Simple Living with Wanda Urbanska
Wanda Urbanska, are offered here to introduce you to a new, more satisfying
way of life: frugal, conscious, sustainable living. Simple Living - which
made its debut in 2004 as the first nationally syndicated television series of
its kind - offers thoughtful ideas and actionable tips for viewers to become:
* Better environmental stewards;
* More thoughtful consumers;
* Fiscally responsible;
* Involved with community;
These five programs take you from Chicago to San Diego to America’s
“small town” of Mount Airy, NC to show you how to live simply in the
city or country, to reduce your carbon footprint and fight global warming,
to connect with nature and gardening, and to do a “green remodel” of your
own home, as Wanda does with her 1956 brick rancher. This sampler will
inspire you to reclaim the good life through simple living.
When sold by Amazon.com, this product is manufactured on demand using DVD-R recordable media. Amazon.com's standard return policy will apply.
Simple Living with Wanda Urbanska presents five episodes of the popular public television series designed to teach the viewer about ways for more cost-effective, conscientious, and sustainable living. The first nationally syndicated series of this kind, Simple Living shows ways ordinary people everywhere can be better stewards of the environment and more informed consumers, while promoting a strong, positive message of fiscal responsibility and community involvement. From reducing one s carbon footprint to doing a green remodel of one s home to enjoying the pastime of gardening, Simple Living with Wanda Urbanska is a wonderful and refreshing show the frugality and energy-saving tips especially are and more valuable than ever during tough economic times. Highly recommended. --Midwest Book Review
Wanda Urbanska is a spokeswoman for the simplicity movement. --The New York Times
Top Customer Reviews
I wasn't very inspired by the show or it's content. In fact, it reminds me of all the 'Farm-to-table' efforts around town that welcome welfare recipients to their establishments by offering 50% discounts on food items. So why aren't those people there? Because they are almost always located in places where those people are not welcomed or 'belong'. There seemed to be a similar correlation in this video.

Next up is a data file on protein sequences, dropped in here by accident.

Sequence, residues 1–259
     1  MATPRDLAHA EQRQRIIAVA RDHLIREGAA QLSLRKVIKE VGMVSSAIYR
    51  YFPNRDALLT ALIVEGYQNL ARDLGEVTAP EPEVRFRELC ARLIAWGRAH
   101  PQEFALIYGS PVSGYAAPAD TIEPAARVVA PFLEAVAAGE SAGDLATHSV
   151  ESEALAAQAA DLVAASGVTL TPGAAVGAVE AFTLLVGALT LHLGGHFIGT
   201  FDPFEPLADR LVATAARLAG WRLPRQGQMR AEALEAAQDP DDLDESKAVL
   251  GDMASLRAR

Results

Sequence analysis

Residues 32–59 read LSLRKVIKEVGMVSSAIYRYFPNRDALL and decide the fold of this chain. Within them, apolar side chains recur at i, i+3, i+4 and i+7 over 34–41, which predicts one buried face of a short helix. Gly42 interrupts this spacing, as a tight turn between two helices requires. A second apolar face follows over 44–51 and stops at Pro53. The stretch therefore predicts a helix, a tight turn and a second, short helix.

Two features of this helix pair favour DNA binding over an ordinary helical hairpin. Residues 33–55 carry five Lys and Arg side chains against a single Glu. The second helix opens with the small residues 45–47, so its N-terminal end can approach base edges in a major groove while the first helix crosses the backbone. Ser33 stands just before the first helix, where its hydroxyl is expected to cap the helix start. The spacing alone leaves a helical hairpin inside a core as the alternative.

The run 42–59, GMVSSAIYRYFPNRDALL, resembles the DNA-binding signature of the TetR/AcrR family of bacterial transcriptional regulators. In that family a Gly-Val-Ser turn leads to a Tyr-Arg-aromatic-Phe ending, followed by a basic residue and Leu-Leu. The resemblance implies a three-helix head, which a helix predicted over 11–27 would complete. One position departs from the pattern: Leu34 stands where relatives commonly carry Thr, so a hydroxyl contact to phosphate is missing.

Matters discussed in the video:
This video focuses much more on alternative 'green' solutions, but they aren't necessarily simpler. There's very little, if anything, SIMPLE about what has become a conventional flush toilet.
Yes, simple is choosing cloth napkins and diapers over paper. However, in reality, handwashing is simpler than machine washing. Electricity in the home is not essential. And forgoing it is infinitely simpler than even solar panels. What's NOT simple is Commercialism. And much of what's portrayed here is mostly a part of it: Middle-class people, with middle-class university degrees taking a middle-class approach to economic self preservation.
Logically, simpler should also be more affordable and more available, but it's not. I think that part of the message did come across in the video.
In a practical sense, so much of what is covered here, seemed to be class-based. For example, she suggested using a public library, not just reduce the need to buy books (economy and recycling), but to meet people. SO much of the video is with reference to a mega-urban environment, so I'll stick to that demographic.Read more ›
Most Recent Customer Reviews
Couldn't watch it, just another liberal environmentalist. Is there any other kind on PBS? Video barely begins before she starts talking about rising sea levels from global... Read morePublished 15 months ago by Charles
intro was so boring - too much explaining what the show was going to tell us without actually teaching anything - I had to turn if off 10 min in. Get to the point faster.Published 18 months ago by John R Wilson
Boring. I should have read the reviews first. I could only take 10 minutes of it.Published 20 months ago by Hzwyfee
Interesting but nothing earthshaking presented. Good to see how everyone can help a littlePublished on August 13, 2014 by Barbara A. Keim